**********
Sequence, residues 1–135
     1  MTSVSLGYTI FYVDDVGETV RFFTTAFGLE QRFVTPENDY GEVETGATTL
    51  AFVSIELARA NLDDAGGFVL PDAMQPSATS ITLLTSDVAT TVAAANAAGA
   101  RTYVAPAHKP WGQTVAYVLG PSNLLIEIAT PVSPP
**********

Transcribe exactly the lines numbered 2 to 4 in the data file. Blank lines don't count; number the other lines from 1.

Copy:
     1  MTSVSLGYTI FYVDDVGETV RFFTTAFGLE QRFVTPENDY GEVETGATTL
    51  AFVSIELARA NLDDAGGFVL PDAMQPSATS ITLLTSDVAT TVAAANAAGA
   101  RTYVAPAHKP WGQTVAYVLG PSNLLIEIAT PVSPP